On 03/24/2013 10:44 AM, dsimonhon3 wrote:
> I began building the Builders In Scale "The Ore Bin" and the framework is done.
> When i placed my Blackstone high side gondola in front of it,the bin seems a little
> The bin measures 25 ft. long by 25 ft high by 10 ft. deep.
> I searched for some ore bin pics with gondolas to compare,but no luck.
The size suggests these are the overall dimension, with the actual ore bin about
8' wide by 12' deep inside. This gives about 64 sq' section area by 23' for
1472 cu' level full. Say about 147,200 lbs or 74 tons at at a nominal
100lbs/cu'. That gives you three car loads, since gondolas were normally sized
for coal at about 55lb/cu', so you can't fill one much more than 1/2 high
without overloading it.
Is this compatible with your mine's planned output and the railroad's car
handling schedule? An ore bin is essentially a surge tank, taking a fairly
steady output per mining shift, and holding it until cars can be shifted in,
loaded and cleared out. Depending on car availability, and frequency of railroad
service, your mine may need a couple days to a week or more of storage capacity.
If those bins fill up, mining either ceases or you have to stockpile on the
ground, at extra cost for the handling. Neither is good for company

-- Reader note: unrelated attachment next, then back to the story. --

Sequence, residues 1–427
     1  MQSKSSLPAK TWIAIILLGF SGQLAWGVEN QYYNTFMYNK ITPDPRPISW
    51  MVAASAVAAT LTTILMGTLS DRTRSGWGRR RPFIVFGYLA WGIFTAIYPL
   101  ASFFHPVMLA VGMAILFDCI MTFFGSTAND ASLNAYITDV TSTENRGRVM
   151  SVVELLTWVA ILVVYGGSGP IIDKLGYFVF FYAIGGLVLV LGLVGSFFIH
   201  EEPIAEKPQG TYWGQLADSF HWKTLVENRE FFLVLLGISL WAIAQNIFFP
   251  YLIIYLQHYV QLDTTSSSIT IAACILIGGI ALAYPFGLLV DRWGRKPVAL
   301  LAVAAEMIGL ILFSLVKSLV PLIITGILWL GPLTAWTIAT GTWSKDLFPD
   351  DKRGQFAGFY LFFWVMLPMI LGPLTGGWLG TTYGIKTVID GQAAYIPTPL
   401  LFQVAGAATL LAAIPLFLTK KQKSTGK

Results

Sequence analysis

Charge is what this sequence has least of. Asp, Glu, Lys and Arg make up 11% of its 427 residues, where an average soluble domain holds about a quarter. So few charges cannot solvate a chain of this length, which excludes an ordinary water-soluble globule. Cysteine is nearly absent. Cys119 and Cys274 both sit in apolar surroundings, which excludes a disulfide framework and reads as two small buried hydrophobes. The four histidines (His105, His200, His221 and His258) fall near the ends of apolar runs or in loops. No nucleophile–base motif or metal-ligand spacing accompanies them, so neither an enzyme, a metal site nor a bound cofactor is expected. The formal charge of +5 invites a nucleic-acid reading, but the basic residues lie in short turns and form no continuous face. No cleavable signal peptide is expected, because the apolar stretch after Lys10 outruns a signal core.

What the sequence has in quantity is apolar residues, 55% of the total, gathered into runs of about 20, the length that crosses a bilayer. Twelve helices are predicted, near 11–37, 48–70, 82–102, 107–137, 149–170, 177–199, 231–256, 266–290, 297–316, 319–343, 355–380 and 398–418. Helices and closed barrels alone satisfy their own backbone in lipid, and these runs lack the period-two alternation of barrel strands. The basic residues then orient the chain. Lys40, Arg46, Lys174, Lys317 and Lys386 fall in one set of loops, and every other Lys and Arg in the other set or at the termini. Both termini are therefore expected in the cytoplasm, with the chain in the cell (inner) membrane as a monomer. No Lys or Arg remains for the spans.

For photo resources, try to borrow a copy of Myrick's RRs of Arizona V-3, on the
Clifton-Morenci copper district and its railroads. This shows quite a few
examples of ore bins. The Logging & Mining Annual(name?) of a few years back
has a long and very well illustrated article, by Mallory Hope Farrel, on that
district's Coronado RR, originally 20" gauge and later mixed 20" and 36" gauges
This has many ore bin photos from the several transfer points and mine
inclines. Circa 1910 the 20" gauge Longfellow Incline's bins ran about 300'
along the 36" gauge Coronado line, but I suspect much of this capacity was
provided to keep ore from several sources separate.
I believe that there were also extensive ore bins on the mining branches east of
Leadville, but am not familiar with area. Sundance may have covered this
district in one of their "Trails among the Columbine'. The San Juan area mines
tended to place mills/concentraters at the closest water supply, and feed them
with aerial trams, eliminating the railroad transfer. Same for the districts
west of Boulder, where circa 1900 the C&NW bought actual ore hoppers (see the
Trout Creek kit) but soon sold them off for lack of traffic. The Leadville
branches moved ore from the ridgetop mines down to the riverside mills. The
Cliffton-Morenci district ore roads, the Coronado and the Shannon, were mining
company lines moving ore from the mines above Chase Creek canyon, 5 to 12 miles
down to the smelters located at the SG railhead along the San Francisco River.
If you have a good engineering university nearby, with a library that has kept
their older texts available, you may be able to find circa 1900-1930 books on
mining plant that illustrate ore bins.